Hungarian readers may be interested to learn that the 1956 events more or less destroyed the far left in the UK (obviously no major deal compared to what upheaval it caused in Hungary). After the seond world war, the communist party was quite strong in Britain, but 1956 split it completely asunder between those who supported the uprising and those who advocated mother Russia sending the tanks in. To this day, the derogatory slang term for Stalinists in the UK (yes there are some) is “tankies”.

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5 Responses to “October 23rd”

  1. Irina said

    Hi Andy,

    Just a few answers: I wasn’t born yet in ’56 (not even a project, so to put it), but my Mother was 10 at the time, and living in Csikszereda so she remembers well enough certain aspects.
    So, they heard of what was going on Radio Free Europe and Radio Kossuth – think of it: at that time everybody from Csikszereda had some connections with Hungary. Most people flied there during the war (many on them left in 1940, but the majority just ran with few of their belongings in 1944 as the Russian-threat was increasing). Not so many of them returned back to their homes in late ’45 just before the border was closed.
    Anyway – the point I was trying to make is that people had very strong feelings regarding what was happening across the border, and they had up-to-date information on almost everything.

    A second fact: there is a house across the street from the Petofi school with a memorial sign on (it was the house on a doctor, who used to be an important figure in the city); well, his son did participate in the ’56 events – in Romania – and was arrested for that…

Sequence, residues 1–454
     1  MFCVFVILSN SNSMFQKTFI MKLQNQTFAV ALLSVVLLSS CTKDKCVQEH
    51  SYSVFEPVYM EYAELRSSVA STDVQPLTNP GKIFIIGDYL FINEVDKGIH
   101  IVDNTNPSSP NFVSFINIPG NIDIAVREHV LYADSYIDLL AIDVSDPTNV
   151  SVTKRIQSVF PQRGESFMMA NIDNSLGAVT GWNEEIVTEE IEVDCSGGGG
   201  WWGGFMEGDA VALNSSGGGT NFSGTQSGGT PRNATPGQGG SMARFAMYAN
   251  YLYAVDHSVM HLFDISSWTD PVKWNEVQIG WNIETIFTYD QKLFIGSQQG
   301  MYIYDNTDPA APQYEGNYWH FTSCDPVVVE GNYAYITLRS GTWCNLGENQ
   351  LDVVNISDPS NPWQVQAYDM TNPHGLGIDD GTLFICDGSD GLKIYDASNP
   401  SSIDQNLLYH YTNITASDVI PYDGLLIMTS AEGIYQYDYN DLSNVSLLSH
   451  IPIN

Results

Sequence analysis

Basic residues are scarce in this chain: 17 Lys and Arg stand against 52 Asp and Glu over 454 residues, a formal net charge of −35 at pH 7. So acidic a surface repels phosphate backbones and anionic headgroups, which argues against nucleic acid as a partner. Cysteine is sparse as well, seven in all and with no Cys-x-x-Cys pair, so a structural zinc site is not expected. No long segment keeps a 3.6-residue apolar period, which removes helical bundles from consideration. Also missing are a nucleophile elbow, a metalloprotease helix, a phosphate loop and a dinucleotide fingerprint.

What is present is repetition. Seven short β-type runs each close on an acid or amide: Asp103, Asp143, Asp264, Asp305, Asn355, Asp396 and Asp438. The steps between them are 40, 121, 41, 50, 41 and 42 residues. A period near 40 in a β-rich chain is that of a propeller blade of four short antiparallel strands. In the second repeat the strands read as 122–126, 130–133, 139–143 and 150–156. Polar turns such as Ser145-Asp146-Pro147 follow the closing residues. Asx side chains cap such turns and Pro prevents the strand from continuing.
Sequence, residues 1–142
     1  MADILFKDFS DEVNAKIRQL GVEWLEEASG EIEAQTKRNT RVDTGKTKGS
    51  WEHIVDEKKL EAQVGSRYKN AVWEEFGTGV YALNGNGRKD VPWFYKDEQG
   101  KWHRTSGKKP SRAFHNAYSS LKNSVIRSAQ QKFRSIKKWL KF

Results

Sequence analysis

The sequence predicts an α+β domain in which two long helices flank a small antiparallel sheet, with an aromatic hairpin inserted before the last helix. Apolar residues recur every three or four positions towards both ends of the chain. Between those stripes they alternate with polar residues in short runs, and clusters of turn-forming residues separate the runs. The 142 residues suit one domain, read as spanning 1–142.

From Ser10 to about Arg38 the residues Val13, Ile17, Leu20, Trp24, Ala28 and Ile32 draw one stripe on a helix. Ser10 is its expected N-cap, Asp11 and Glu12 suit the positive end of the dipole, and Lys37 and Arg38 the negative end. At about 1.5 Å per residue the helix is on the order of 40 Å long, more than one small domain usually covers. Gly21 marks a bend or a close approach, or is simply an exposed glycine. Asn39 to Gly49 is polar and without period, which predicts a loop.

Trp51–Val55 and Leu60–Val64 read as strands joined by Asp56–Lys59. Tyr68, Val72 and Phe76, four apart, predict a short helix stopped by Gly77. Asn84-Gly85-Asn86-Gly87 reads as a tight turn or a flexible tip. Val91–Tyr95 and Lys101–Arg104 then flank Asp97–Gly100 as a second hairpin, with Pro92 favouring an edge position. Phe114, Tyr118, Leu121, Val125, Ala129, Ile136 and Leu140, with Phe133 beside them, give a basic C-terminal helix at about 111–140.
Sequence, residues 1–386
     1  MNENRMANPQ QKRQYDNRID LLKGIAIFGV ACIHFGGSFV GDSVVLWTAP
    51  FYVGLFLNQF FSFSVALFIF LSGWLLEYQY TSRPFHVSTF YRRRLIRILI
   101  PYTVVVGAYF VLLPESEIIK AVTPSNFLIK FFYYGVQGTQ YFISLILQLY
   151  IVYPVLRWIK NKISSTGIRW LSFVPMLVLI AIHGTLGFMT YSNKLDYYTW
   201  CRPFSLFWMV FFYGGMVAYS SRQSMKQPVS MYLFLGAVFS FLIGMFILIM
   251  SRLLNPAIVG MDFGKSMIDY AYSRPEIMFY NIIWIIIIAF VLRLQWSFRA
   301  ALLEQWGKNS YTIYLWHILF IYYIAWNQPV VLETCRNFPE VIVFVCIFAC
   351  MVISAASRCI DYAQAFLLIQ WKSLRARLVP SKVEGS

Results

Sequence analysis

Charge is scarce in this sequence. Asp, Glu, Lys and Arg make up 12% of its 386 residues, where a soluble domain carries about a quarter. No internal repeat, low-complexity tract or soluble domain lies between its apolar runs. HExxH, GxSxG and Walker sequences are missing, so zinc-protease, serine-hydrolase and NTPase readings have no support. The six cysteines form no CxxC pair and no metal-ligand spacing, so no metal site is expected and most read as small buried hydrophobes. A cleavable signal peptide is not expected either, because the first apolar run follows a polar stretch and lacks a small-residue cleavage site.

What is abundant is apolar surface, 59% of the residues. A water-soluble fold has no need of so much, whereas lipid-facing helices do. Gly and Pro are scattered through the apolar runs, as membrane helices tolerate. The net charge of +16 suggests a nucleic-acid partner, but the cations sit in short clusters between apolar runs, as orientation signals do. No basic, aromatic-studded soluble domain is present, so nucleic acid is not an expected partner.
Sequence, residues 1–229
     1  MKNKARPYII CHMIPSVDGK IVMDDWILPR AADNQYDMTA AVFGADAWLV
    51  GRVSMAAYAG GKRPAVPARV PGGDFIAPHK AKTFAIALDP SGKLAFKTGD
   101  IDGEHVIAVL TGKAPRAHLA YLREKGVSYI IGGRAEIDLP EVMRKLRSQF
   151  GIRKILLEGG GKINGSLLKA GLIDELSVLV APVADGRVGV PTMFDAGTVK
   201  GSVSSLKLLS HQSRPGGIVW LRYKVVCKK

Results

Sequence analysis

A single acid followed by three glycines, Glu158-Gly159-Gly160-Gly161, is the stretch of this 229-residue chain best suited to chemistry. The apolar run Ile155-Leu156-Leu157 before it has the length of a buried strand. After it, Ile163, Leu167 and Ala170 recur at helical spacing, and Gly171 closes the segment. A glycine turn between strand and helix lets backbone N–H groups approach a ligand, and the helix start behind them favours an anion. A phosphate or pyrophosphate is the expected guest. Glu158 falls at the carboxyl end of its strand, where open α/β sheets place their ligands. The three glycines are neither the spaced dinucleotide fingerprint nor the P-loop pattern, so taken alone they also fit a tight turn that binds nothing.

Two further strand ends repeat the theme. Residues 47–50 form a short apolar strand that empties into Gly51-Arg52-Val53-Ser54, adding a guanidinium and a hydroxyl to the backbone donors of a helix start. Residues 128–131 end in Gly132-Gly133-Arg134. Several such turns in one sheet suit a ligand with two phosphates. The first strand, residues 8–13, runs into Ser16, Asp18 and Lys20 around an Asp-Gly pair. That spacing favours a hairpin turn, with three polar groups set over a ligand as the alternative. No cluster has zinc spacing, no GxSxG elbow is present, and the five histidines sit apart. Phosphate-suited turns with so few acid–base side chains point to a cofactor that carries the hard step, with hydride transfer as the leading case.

Hope you’ll find this interesting.

    BW

  2. Andy H said

    Very interesting thanks Irina. Did many people in Romania act/get arrested in ’56 in this way? I had no idea.

  3. Andy H said

    I took a look at the plaque this morning, Irina – the Doctor’s name was Nagy András, I believe. Do you known what his son was called?

    (As far as I can tell the Csíkszeredai Nagy András doesn’t even merit an entry in Hungarian wikipedia, so it’s difficult to look him up)

  4. Irina said

    Hi Andy,
    Do you know any Romanian? You could check out these 2 articles: http://www.evz.ro/article.php?artid=277848 (it says there were around 1400 people convicted for being involved in those events, here in this country) and this one from yesterday http://www.evz.ro/article.php?artid=277723 (the person named just Nagy in the article is Nagy Benedek, the doctor’s son… he’s a very nice person and he’s quite well these days)…

    In case you can’t read the articles, maybe someone can translate them for you – it is worth it.

    PS: could I send you an email? I’ll be visiting Csikszereda pretty soon hopefully, and I was thinking we (you, your family, me, my boyfriend if he’ll be around – he reads your blog also:) could go out for a coffee or something…

  5. Andy H said

    Of course Irina, that would be great. I think you can email me from my profile on here.